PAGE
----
Wednesday, September 2, 2015

Day 9 - "Our Favorite Things- Art Supplies" Series: Mark Making Tools


"Our  Favorite Things - Art Supplies!" Series.  
In no particular order; JodiPenny, and Jean will take turns sharing a few of
their creative must-haves.

Hello Friends,  it's Jodi here today.   Welcome Back to Day 9 in our series of "Our Favorite Things"!  We are having a blast doing this, and hope you are enjoying it as well!

 In my first post, I shared with you the paint I love to use most before moving on to some of the mediums that can make your paintings full of texture and interest.  Today I'm going to share with you, some of my favorite tools that are also key components  for me in developing  a wide range of marks in my work. Some may be very familiar to you and others may be a wowza..I need to try that 'Thang' introduction!  

 Let me start by saying that I love texture.  I do not love flat looking paintings.  Let me rephrase that, I don't love for myself to create flat looking paintings.  I want my viewer to dive right into the painting and wonder how I achieved a certain look or to be mesmerized by the layers of depth created.  The bonus is that I get a huge thrill out of making this all happen!

Part of my own artistic process that gets my creative juices flowing, involves devising ways to create juicy touchable texture.  I encourage my students to try new things, too.  You can do this too!  Try combinations of things and not to be afraid to experiment.

Sometimes you stumble on some really cool processes that create looks that make you glow in a basic of discovery.

 You may never be able to replicate these marks again, but that's okay.  You will discover new things and keep yourself fresh.  Life would get boring if every piece you did looked the same anyway (or looked like someone else's), right?

Okay so without further adieu, here are some of the tools I love to use in addition or with the gel mediums and acrylic paints mentioned in my first two posts.

As you can see, all of these are well loved :)   

Palette knives-come in all shapes and styles, plastic, textured, big, small, flat, skinny.  One tip, if you buy a metal one be sure it's stainless steel as others that are less expensive will rust like no tomorrow if left in a water container.  Not that you would ever do that.   I use these to mix paints, to add paint to my canvas,  scrape into areas, and to draw or write sgraffito style into my work.

Foam backed Rubber stamp--this one featured has cool bubble wrap type circles by my friend Nathalie Kalbach. (I love your stamps Nat so much, I'm afraid I've abused them!!!.  I like the foam backed stamps because working on a soft flexible surface such as a canvas, you need a flexible stamp tool to get a nice mark.  

Catalyst Wedges--if you like to play with Gelli plates, you probably are familiar with these tools. They come in several different shapes or cuts as well as range in how flexible the plastic is to work with.   These make great lines and scratches along with patterns within your work.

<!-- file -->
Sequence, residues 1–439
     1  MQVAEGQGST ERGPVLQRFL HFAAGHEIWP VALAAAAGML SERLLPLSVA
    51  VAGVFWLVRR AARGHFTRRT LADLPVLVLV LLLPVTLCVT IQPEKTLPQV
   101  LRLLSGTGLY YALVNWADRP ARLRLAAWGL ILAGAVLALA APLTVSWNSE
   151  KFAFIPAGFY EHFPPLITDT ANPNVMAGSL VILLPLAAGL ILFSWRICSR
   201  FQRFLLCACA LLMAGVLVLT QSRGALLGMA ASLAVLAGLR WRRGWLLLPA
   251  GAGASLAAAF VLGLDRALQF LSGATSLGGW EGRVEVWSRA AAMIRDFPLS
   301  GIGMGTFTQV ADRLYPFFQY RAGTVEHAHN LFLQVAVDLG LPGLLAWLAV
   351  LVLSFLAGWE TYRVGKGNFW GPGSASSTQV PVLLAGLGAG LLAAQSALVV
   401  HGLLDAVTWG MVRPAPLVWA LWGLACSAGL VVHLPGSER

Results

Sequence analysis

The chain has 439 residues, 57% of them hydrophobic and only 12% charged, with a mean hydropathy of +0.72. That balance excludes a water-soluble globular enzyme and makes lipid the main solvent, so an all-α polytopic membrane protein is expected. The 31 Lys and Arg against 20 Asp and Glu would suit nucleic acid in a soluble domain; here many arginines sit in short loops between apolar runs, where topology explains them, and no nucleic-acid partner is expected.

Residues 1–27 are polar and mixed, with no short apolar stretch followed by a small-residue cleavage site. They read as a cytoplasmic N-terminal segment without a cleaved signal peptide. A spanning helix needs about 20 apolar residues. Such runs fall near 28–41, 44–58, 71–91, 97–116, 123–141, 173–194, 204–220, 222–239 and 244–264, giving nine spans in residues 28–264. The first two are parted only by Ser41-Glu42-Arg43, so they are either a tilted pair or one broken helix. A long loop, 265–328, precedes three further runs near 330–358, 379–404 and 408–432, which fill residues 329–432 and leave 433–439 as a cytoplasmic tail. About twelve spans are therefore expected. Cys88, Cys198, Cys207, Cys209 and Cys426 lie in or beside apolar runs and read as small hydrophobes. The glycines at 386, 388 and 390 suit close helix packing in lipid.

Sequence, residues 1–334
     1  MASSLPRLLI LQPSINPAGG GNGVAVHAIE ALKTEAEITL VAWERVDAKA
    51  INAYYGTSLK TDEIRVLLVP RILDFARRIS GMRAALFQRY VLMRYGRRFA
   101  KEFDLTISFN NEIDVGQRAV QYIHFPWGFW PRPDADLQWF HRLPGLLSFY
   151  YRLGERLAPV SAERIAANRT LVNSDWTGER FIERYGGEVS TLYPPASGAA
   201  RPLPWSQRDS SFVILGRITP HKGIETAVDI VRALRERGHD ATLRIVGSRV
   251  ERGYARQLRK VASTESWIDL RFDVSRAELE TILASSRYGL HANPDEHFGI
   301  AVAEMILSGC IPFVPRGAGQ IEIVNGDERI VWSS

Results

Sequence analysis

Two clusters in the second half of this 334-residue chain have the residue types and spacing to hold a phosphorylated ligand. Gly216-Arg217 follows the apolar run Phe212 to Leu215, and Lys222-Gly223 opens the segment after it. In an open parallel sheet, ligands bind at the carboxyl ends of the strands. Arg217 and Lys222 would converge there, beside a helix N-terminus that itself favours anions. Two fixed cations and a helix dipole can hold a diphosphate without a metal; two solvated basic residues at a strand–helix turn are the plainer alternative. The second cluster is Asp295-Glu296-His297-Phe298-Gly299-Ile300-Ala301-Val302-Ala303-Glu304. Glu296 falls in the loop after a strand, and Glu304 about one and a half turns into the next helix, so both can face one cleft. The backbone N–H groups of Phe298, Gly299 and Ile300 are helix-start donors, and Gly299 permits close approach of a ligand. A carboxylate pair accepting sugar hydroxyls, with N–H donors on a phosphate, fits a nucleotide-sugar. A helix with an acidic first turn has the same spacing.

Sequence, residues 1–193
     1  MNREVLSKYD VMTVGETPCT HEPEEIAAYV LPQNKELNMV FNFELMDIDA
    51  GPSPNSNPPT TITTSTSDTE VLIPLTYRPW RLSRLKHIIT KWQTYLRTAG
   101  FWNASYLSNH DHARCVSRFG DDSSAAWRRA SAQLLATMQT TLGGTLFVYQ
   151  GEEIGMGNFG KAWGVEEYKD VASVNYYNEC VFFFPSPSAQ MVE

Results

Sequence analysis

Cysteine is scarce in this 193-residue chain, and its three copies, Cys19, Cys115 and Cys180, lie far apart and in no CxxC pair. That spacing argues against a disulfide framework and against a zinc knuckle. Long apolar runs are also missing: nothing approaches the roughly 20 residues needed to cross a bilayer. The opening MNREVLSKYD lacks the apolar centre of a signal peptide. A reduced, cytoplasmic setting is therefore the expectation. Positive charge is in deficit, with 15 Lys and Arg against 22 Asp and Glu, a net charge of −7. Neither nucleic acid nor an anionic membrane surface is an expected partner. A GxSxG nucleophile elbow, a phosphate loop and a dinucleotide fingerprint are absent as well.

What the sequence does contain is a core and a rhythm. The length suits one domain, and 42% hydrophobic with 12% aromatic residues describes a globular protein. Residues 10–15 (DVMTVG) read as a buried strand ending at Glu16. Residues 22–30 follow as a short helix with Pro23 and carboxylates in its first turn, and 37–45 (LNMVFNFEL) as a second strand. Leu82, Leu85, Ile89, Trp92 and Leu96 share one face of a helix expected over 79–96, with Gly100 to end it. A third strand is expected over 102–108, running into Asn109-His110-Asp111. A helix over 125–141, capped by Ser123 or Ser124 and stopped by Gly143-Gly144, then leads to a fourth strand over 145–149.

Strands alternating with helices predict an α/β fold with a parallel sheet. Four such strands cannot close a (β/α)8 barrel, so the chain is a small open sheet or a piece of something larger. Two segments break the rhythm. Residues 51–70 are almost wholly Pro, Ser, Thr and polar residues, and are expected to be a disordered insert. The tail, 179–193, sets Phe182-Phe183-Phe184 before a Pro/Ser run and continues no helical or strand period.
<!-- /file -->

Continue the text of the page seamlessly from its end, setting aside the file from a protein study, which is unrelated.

Can you see all the delicious marks and layers??  Yum yum and fun fun!!!

Another view  with some additional catalyst wedges and blade to the right.  I use the flat wedge all the time to paint with or scrape off paint with.  

Going back to my love for line work in paintings, the Fine Line applicators are the perfect solution for quick lines and for larger paintings. I normally use sketching dip pens and acrylic or india ink, but these are even easier to use.   Watercolor artists use bottles like these for masking fluids, so it's a similar concept except instead of leaving a white area from the masking fluid, you are adding line work in whatever colors you chose to work in.

**The replacement tips can also fit right on top of your small 1 or 2 oz jars of paint!

While there are always commercial products you can buy to make memorable marks and textures (such as stencils and tools mentioned above), take a moment to look around your home, kitchen, heck even look down as you are walking--you never know what interesting tools you may come across that can be used in your work to give it that unique flavor only you could give with your one of a kind bad 'arse' artsy self!

Let us not forget, the tool that generally is always available and can probably make some of the most interesting marks??  Your hands and fingers! :)

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Tell us of a favorite mark making tool you've  'collected' in your stash of go to goodies.   What kind of marks do you like to make while painting?


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  1. Haven't tried the Catalyst tools yet but I have used silicon kitchen utensils for mark making. :)
    It is very simple but one of my go-to tools is bubble wrap. You can make marks in wet paint, molding paste or mediums as well as stencil with it. Plus, you can relieve stress by popping it too! LoL

  2. Items from the hardware store...washers make cool stamps.....I'd like to try using a icing bag to apply molding paste...I saw this somewhere and it looks like a great idea

  3. stencils. weird stuff on my table. like carving tools or a bottle cap. clay stylus'. i am a circle and swirl girl.

  4. I love to use detangling combs, hair picks, and Q Tips

  5. I love to use detangling combs, hair picks, and Q Tips

  6. I really enjoy dragging an old credit card through paint because I never know what the results will be, but it always comes out great.

  7. I like to use most of the same tools as you have pictured but also a floaty noodle cut down. It provides a cool donut shape and then can be rolled thru to marbleized other areas

  8. I love making my own stencils and using pencils in wet paint. So many fun ideas here!

  9. Fave mark making tool? That's a tough one! I think I would have to say a bamboo skewer since it is so versatile.


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